City leaders adjust revenues, identify cuts to eliminate fund deficit

Published 12:11 am Tuesday, September 30, 2014

NATCHEZ — City leaders say they’ve managed to equalize a nearly $800,000 deficit in the budget through adjusting revenues, budget cuts and a great deal of discussion.

The Natchez Board of Aldermen met Monday afternoon for a budget work session, during which Mayor Butch Brown went through individual revenues and expenses that were adjusted, and in some cases corrected, to balance the budget.

The city’s overall $37.7 million budget has a nearly $3 million surplus, but included a $857,199 deficit in the general fund.

Email newsletter signup

Brown said he, department heads and City Clerk Donnie Holloway worked last week to eliminate that deficit.

“We’ve covered it all,” Brown said. “Using my numbers, we’ve even gone $20,000 over what we needed to fix.”

Brown took the board members through various revenue line items he said were budgeted with lower projected numbers than what would actually be received.

Those included items such as fees per railroad car that travel to the Natchez-Adams County Port as well as an increase in the amount the city will receive from its road and bridge tax.

Other adjustments to the budget included a suggestion to hold off on equipment purchasing for two city departments — public works and the police department.

Alderman Dan Dillard suggested that nearly $152,000 budgeted to purchase a dump truck and four patrol vehicles should be removed from the budget until January.

“Then we can go back at that time to see if the monies we’re expecting to come in are actually coming in,” Dillard said. “I think we need to approach this budget with a better strategy than putting down the same number down each year.”

Dillard also suggested the city freeze salary increases and any new hires until January.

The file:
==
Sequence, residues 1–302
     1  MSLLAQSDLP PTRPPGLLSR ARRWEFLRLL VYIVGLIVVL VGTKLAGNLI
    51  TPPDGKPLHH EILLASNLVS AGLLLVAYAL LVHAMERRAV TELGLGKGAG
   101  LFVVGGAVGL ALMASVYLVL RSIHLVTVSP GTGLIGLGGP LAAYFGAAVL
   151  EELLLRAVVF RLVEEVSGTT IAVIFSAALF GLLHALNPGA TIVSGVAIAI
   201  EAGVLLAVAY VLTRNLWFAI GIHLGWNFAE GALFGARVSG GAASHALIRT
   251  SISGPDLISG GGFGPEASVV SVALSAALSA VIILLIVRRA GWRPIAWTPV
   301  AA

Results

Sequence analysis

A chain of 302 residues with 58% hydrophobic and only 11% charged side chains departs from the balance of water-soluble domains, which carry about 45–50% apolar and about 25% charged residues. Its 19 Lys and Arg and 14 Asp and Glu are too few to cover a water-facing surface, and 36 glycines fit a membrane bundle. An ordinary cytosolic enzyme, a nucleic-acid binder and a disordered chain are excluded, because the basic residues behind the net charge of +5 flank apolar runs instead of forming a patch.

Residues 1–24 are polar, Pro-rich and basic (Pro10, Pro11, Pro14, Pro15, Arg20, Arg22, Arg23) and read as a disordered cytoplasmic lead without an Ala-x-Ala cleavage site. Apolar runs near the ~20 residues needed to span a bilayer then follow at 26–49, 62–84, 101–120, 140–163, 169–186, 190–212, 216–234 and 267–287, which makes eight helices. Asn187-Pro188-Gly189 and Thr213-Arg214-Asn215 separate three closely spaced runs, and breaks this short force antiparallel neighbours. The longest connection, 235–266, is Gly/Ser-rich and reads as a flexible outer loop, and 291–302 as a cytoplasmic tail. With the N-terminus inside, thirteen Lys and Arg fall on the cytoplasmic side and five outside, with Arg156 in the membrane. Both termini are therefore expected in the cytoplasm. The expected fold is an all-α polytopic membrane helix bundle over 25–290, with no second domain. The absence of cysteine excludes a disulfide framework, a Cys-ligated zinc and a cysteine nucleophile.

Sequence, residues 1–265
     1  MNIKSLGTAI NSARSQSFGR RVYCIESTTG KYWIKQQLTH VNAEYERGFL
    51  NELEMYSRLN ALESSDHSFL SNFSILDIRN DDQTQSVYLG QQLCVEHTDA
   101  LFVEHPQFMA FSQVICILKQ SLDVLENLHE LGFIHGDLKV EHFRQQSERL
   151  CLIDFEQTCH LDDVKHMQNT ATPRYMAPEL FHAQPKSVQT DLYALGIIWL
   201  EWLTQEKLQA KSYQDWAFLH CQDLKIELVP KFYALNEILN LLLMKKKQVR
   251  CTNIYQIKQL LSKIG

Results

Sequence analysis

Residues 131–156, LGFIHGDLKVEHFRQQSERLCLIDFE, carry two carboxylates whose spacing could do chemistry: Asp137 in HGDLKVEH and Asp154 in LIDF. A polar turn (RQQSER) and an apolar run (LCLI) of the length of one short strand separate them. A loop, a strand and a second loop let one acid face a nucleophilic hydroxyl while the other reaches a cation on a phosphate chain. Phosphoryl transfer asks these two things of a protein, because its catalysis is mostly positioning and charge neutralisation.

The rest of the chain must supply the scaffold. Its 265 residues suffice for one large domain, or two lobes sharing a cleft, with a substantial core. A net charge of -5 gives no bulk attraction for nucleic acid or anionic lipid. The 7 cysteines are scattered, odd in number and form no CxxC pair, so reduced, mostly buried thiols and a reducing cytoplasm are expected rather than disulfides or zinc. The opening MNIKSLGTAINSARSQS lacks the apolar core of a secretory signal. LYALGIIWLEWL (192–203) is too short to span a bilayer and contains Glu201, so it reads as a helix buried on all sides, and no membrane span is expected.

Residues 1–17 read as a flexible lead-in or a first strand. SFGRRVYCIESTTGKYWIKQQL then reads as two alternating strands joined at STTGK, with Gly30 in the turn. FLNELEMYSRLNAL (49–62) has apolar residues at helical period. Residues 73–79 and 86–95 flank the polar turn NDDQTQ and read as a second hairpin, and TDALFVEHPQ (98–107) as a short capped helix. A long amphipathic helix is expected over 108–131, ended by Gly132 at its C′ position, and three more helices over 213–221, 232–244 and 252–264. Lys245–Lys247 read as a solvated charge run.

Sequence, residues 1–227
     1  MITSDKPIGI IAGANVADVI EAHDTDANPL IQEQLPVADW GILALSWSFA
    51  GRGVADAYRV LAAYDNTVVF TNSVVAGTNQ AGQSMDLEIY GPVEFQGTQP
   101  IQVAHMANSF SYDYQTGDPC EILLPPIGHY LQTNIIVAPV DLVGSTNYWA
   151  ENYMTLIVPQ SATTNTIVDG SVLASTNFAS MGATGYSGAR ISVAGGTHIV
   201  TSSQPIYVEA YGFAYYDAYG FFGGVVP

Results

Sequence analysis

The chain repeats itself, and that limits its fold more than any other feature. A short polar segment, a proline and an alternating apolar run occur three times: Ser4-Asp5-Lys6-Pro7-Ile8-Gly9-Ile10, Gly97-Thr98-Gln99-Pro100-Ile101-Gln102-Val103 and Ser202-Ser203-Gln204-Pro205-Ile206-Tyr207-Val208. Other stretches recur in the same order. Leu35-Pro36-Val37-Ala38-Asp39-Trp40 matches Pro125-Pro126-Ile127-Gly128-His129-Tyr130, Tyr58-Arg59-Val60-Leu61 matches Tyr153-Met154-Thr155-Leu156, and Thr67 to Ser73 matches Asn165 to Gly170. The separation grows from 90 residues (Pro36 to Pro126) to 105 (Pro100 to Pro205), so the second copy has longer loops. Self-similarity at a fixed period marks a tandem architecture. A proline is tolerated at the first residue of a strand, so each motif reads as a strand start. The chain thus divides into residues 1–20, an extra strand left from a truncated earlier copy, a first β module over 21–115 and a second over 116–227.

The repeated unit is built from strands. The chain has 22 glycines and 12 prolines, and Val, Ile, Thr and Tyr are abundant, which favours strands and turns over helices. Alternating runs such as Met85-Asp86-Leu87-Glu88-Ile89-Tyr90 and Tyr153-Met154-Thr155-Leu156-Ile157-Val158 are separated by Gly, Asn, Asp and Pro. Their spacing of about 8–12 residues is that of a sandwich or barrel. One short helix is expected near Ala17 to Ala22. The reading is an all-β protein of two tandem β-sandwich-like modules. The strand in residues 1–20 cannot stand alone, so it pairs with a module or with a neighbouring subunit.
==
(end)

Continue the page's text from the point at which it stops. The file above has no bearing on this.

Brown said he didn’t have a problem with doing that even though he didn’t believe any new hires were needed at the time.

Alderwoman Joyce Joyce Arceneaux-Mathis requested Dillard’s suggestion be made more official to avoid any confusion.

“We still need to do that, so no one new can sneak in on us,” Arceneaux-Mathis said.

Alderwoman Sarah Carter Smith said she requested city department heads attend the meeting Monday to give input on what items, if any, could be cut from their budgets.

“What bothers me is sitting here trying to decide where departments can cut,” Smith said. “Why would we not get information from them? We should be asking them, ‘What could you do without because we have a shortfall.’”

Brown said all department heads met with him to discuss those matters and led to some of the items found to balance the general fund deficit.

“We, I, had every department in here and asking them where could they cut,” Brown said. “This is what we came up with.”

The city will host a public hearing Monday, Oct. 6, at the council chambers on South Pearl Street to discuss the budget.

According to state statute, the board has to wait a week after the public hearing before adopting its budget, meaning the city will be nearly two weeks past the Oct. 1 deadline.

Smith said several city employees have asked if they would be required to take mandatory time off because of the late budget adoption.

“Employees are thinking that they’re going to be put on furlough,” Smith said.

Brown said the city clerk’s office would not be able to pay bills after missing the Oct. 1 deadline, but that payroll would not be missed.

City payroll is distributed on the 15th and 30th of each month, so a slight delay in the budget would not impact those payments, Brown said.

Dillard said the city clerk’s office would take appropriate measures to stay in compliance with any bills due within that time frame.

“The clerk has gone ahead and made payroll, and other bills can be scheduled early or later,” Dillard said. “I don’t see any reason why the government would shut down.”